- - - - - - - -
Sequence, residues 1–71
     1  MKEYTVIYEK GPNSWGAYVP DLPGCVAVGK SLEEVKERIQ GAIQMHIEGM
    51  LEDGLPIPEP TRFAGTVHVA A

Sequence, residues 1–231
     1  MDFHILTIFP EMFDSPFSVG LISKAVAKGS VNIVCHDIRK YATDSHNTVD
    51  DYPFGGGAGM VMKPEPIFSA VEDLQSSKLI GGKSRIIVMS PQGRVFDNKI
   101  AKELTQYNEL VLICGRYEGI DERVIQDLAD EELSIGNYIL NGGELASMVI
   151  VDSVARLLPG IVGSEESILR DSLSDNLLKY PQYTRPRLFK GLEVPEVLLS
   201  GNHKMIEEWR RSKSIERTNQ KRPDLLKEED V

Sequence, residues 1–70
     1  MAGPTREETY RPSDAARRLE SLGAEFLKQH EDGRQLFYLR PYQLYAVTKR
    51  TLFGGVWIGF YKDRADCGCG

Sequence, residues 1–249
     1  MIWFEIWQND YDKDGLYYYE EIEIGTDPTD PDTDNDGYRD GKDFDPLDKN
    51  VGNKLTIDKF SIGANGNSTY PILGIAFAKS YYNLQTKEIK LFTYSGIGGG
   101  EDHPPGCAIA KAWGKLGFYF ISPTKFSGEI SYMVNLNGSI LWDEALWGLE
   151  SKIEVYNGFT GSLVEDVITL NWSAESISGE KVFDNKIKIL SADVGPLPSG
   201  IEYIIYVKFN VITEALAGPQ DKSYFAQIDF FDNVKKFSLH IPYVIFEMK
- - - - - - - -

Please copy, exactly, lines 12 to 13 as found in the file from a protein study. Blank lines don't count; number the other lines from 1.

    51  TLFGGVWIGF YKDRADCGCG

Sequence, residues 1–249